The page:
In April, Deborah Ferguson told us about some rack-skimmers in
A New York Times fashion article examines a Goodwill store in the Chelsea neighborhood of New York City that employs a former Banana Republic salesman to assist a new demographic that's been coming in to browse the inventory: the kind with a little money to burn. In the story, a stylish writer decides to invest in a Marc Jacobs dress -- she "needs it" -- and is rushed by said employee with an armful of gowns that might look fabulous on her, a Diane Von Furstenberg number among them.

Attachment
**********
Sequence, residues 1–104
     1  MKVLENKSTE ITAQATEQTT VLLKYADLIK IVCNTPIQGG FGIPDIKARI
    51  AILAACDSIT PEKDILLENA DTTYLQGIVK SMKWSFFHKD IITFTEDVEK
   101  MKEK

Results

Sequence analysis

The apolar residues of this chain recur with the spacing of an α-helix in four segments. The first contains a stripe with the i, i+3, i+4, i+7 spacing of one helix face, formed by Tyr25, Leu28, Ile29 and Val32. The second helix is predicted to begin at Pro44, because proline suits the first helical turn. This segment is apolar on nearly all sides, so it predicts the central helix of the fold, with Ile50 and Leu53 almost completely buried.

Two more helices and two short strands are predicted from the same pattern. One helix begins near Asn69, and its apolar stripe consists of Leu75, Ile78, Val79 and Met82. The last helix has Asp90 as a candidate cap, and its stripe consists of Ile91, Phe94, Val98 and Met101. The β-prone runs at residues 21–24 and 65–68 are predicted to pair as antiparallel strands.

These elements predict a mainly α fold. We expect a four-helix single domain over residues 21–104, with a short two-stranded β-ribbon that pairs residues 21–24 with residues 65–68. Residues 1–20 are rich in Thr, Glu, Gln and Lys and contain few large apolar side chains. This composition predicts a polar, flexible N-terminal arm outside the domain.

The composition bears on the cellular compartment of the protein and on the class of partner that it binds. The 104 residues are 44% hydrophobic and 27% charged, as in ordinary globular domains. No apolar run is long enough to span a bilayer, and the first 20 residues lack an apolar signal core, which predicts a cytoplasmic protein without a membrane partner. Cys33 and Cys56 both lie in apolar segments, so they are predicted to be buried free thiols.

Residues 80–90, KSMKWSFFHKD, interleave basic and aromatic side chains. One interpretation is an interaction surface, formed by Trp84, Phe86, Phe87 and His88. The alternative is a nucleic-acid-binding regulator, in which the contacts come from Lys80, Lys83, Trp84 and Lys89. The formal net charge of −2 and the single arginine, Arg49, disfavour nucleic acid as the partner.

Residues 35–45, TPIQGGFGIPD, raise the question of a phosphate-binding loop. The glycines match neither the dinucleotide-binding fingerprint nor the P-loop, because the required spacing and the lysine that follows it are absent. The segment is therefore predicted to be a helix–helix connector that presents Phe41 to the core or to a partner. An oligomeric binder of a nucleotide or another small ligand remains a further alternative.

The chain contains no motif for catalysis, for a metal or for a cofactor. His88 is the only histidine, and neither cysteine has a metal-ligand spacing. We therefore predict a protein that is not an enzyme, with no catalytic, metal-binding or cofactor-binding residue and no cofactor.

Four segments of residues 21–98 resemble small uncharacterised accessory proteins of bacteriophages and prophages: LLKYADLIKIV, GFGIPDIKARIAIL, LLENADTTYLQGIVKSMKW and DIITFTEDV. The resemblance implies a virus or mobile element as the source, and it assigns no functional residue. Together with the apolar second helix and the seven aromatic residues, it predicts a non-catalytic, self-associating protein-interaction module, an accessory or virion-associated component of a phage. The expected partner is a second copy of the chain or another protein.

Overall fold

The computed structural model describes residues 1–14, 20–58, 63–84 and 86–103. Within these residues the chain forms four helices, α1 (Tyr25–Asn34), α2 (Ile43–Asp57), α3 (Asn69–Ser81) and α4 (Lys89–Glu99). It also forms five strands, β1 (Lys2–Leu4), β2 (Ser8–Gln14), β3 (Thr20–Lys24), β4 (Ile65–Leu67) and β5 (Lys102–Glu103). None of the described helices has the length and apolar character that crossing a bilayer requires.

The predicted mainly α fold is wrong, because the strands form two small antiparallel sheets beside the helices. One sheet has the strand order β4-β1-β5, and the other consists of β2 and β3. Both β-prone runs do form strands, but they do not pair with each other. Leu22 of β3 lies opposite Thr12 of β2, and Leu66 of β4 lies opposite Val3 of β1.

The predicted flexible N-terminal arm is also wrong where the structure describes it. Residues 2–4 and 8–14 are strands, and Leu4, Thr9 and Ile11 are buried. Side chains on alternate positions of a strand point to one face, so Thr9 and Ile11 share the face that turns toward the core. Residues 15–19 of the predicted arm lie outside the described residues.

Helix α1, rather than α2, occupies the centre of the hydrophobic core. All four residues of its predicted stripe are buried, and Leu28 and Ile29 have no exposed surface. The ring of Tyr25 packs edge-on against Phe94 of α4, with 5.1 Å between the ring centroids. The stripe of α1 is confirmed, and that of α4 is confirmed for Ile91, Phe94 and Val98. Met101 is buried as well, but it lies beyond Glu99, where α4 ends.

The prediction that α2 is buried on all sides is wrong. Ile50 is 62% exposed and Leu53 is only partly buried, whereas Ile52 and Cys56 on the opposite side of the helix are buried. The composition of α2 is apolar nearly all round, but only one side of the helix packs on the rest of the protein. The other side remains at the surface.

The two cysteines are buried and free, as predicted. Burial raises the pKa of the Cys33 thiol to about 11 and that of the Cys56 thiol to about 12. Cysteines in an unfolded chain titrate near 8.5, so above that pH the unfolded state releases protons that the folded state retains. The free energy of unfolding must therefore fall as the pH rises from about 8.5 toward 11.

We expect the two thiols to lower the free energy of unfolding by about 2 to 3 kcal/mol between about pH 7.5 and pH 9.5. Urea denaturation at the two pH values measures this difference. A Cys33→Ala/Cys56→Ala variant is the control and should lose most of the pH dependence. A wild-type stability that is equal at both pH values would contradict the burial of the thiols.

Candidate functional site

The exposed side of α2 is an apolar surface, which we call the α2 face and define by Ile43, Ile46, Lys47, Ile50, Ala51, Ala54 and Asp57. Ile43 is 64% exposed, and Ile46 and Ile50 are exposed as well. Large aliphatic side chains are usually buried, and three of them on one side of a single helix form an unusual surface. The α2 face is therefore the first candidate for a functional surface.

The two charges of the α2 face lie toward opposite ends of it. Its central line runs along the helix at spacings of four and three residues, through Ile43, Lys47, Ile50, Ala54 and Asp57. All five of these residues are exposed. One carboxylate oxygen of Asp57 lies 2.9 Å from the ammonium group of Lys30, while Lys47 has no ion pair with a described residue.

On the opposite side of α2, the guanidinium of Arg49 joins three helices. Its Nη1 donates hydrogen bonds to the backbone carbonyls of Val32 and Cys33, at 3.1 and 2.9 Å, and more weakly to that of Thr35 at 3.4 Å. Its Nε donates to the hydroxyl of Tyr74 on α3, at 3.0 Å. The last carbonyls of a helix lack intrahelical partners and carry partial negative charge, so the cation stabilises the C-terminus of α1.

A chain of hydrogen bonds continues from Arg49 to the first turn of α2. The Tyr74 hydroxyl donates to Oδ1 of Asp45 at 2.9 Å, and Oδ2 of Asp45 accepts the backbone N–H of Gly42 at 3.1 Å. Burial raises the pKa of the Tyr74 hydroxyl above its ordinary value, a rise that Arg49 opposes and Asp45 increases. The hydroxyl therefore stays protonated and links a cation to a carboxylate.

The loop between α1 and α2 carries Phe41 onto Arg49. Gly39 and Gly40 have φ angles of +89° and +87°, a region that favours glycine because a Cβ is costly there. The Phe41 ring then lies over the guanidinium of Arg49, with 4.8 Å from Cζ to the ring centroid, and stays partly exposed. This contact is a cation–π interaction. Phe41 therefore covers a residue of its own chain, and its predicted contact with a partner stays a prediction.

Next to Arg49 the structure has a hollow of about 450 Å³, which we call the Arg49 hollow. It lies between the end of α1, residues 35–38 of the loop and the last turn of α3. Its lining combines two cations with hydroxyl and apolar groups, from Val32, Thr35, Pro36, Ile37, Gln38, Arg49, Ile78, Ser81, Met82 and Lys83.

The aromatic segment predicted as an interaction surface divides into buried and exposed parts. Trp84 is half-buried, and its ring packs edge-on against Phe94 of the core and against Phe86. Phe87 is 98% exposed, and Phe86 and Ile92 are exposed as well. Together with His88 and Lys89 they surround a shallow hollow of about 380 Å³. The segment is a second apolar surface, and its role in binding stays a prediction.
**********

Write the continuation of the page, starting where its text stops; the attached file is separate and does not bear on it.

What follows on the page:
Stores in Milwaukee, Palm Beach, and Portland already stock choice designer labels with daily deliveries and the Washington chapter even staged a virtual fashion show with a Paris theme. And sales have been good, the piece notes, rising 7.1 percent in the first three months this year over the same time last year at Goodwill stores open for at least a year.
Time to dig out the boxes and drop off donations of clothing, you know, a shield to the elements. Your old clothes never go out of style for Goodwill's more traditional patrons. Regardless of this new brand of demand, donations have been fewer.